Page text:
Shakespeare: by Matthew Arnold - Summary and Analysis

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Others abide our question. Thou art free.
We ask and ask—Thou smilest and art still,
Out-topping knowledge. For the loftiest hill,
Who to the stars uncrowns his majesty, 

Planting his steadfast footsteps in the sea,
Making the heaven of heavens his dwelling-place,
Spares but the cloudy border of his base
To the foil'd searching of mortality; 

And thou, who didst the stars and sunbeams know,
Self-school'd, self-scann'd, self-honour'd, self-secure,
Didst tread on earth unguess'd at.—Better so! 

All pains the immortal spirit must endure,
All weakness which impairs, all griefs which bow,
Find their sole speech in that victorious brow.


      The sonnet, Shakespeare by Matthew Arnold appeared first in the Volume The Strayed Reveller and Other Poems, originally formed part of a letter Arnold wrote to his sister Jane in the year 1841. Arnold's sonnet on Shakespeare, along with that of Ben Jonson and Milton remains one of the most glorious tributes paid to the Bard of Avon. Ben Jonson's aphoristical statement "He was not of an age but for all time" rings like a bell. Milton's statement is equally pithy: "Thou in our wonder and astonishment, Hast built thyself a live long Monument". Equally memorable and weighty is Arnold's first line of this Sonnet:

Others abide our question, Thou art free

      The indisputable truth and significance it contains has made the line really famous.

      Generations of critics have praised this sonnet for its music, diction and thought content. In it Arnold describes Shakespeare as a mysterious figure whom critics down through the ages failed to understand completely. Arnold wrote to Clough emphasising this aspect of Shakespeare, "I keep saying Shakespeare, Shakespeare, you are as obscure as life is". This sonnet develops the seminal idea contained in that letter. The greatness of Shakespeare is unfathomable. The closing lines suggests how Shakespeare was able to overcome the misfortunes of life during the period when he was preoccupied with tragedy plays. Greening Lamborn speaks of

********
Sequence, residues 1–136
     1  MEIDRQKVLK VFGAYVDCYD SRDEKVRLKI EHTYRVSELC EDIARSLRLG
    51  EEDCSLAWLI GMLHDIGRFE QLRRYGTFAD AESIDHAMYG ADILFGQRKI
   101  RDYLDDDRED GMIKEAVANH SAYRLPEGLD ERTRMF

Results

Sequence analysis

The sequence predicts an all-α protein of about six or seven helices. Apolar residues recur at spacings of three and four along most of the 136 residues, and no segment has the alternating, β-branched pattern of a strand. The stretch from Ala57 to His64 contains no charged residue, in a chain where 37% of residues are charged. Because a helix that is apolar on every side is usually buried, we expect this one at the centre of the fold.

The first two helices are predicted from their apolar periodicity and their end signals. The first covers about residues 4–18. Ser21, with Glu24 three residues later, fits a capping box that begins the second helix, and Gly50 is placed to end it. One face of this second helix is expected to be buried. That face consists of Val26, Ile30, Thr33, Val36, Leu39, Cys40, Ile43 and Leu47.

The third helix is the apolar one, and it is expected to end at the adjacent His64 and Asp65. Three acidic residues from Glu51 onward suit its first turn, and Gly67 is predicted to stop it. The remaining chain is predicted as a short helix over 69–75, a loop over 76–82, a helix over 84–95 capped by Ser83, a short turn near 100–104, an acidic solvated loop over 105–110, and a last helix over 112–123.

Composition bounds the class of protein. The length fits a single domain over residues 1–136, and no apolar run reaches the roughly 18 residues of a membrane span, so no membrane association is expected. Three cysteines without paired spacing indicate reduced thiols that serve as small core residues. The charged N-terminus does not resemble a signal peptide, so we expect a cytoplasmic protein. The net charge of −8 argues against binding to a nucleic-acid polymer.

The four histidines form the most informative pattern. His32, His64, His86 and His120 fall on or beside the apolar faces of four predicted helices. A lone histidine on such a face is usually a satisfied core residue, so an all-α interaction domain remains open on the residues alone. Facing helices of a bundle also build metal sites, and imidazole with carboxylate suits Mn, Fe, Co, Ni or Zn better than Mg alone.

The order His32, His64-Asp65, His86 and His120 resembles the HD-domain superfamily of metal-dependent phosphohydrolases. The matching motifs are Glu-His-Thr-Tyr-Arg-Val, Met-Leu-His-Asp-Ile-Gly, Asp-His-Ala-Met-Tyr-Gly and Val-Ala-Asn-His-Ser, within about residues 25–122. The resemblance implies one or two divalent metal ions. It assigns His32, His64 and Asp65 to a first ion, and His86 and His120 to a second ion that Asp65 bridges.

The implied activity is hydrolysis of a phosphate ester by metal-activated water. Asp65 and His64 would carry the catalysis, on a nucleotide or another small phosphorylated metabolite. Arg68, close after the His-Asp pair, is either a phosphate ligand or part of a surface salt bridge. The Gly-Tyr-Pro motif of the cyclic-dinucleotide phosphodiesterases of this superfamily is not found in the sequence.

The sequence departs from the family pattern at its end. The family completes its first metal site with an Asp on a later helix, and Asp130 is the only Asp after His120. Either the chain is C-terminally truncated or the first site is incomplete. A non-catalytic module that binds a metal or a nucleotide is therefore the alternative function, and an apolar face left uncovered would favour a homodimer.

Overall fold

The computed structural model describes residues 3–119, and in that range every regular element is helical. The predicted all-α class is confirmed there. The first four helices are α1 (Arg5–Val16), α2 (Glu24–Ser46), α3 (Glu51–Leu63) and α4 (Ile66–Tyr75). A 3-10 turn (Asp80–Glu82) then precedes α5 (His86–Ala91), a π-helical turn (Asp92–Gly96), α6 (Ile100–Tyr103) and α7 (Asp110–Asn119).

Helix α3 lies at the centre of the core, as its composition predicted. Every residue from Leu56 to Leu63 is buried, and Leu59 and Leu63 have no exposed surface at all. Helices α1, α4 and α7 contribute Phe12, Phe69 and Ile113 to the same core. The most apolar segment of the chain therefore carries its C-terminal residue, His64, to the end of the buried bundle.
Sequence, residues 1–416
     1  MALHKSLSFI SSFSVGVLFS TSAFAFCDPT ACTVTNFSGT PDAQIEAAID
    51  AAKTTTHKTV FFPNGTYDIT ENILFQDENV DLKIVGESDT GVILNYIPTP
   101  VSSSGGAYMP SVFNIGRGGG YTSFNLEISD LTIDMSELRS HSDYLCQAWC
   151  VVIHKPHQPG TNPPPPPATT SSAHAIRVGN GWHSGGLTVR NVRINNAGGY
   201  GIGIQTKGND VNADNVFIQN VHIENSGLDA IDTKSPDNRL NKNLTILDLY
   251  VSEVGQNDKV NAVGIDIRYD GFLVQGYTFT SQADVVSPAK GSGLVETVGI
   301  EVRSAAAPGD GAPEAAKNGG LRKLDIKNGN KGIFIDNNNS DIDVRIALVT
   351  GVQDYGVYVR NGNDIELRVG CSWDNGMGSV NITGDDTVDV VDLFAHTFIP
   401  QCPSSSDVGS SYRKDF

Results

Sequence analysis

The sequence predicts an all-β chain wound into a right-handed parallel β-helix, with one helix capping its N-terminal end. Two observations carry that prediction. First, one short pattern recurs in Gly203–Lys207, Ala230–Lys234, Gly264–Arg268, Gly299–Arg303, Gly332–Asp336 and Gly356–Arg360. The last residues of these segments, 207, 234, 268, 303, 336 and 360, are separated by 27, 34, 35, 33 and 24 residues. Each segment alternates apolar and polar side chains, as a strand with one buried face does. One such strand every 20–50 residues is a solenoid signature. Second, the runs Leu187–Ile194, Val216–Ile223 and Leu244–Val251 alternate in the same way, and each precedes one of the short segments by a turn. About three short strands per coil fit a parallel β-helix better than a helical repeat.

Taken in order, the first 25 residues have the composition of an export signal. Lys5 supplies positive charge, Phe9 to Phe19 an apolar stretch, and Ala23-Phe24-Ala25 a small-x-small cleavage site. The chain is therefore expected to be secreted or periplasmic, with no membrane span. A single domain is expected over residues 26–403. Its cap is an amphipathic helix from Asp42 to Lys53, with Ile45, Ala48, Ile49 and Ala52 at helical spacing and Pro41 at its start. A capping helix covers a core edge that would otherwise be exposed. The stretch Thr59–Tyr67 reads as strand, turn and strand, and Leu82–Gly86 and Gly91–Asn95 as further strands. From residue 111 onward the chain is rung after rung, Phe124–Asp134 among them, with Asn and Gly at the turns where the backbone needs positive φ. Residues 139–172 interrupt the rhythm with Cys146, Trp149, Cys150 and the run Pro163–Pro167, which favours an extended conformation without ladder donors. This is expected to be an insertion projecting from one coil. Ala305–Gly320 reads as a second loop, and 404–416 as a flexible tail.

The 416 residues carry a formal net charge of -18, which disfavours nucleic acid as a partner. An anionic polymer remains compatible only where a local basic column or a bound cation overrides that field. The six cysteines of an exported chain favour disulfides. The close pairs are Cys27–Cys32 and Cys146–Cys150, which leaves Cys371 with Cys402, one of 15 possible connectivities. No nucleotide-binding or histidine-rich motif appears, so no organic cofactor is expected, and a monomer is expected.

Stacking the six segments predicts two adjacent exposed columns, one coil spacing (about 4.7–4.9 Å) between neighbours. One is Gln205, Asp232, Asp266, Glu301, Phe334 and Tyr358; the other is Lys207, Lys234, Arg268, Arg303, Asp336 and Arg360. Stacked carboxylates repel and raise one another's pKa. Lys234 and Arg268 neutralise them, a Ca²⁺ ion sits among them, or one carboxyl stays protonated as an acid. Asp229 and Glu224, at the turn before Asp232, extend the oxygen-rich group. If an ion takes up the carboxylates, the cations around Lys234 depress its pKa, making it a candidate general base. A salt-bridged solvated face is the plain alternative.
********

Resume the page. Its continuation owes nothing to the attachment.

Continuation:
"the majestic march of the music and the noble diction of this almost perfect sonnet are admirably in keeping with its subjects and with the grand and impressive imagery in which it is presented".

      In his prose writings Arnold has expressed mixed feelings about Shakespeare and his works. He admits that Shakespeare is a "name never to be mentioned without reverence". He says in the essay on Milton that "Shakespeare is divinely strong, rich and attractive". At the same time, adds that "But sureness of perfect style Shakespeare himself does not possess". He was "moved to wonder at the fantastic and false diction" of Shakespeare. Elsewhere he complained that Shakespeare gave "scope to this faculty of expression to the prejudice of a higher poetic diction". But strangely, Arnold has only praise for Shakespeare in this sonnet. He remains an idolator. The image Arnold creates in the sonnet is that of a mysterious figure who is beyond the comprehension of ordinary mortals. All those who persistently tried to understand him failed miserably in their attempt.

      The Sonnet: The sonnet, a poem consisting of fourteen lines is of Italian origin. Petrarch is said to be the originator of this form. The Italian type had 12 syllables to the line, the French 11 and the English 10. In England, Shakespeare wrote many sonnets in a slightly changed form. Both Petrarchan and Shakespearean, types of sonnets were composed by later English Poets. The Petrarchan sonnet is divided into two stanzas, the octave (8 lines) and the sextet (6 lines). The octave is still divided into two substanzas of four lines and the sextet into two of 3 lines. In the Shakespearean kind after 3 four lined stanzas the sonnet's thought culminates in a couplet. This sonnet of Arnold mainly follows the Petrarchan pattern. The variation is found in the new thought coming in the 11th line. In Petrarch the change of thought comes at the end of the Octave, in the 9th line. Arnold uses the rhyme pattern abba acca de de ff, more or less Shakespearean.


      Shakespeare is the only one who do not stand our scrutiny in our attempt to understand him. He is far beyond our comprehension and knowledge, to understand him. The highest mountain rises sublimely into the starry areas of the sky. Its abode is the high heavens. The mortal humans can see only upto the place where clouds surround its lower heights. Similarly is Shakespeare who dwells with the stars and sunlight at great heights. He was self-educated, and he worked himself into the assurance he was in. But when he walked on earth others could not possibly follow him. Perhaps it is better he remains like that. For he pictured sufferings and sorrows of human beings without collapsing under its strain, and his immortal spirit came out triumphant.


      The sonnet Shakespeare by Matthew Arnold refers to the unapproachability of Shakespeare's genius to other humans. His abode is among the stars and the sunbeam. He spent some time on earth but remains "un-understood (unguessed at) and he remains beyond human comprehension.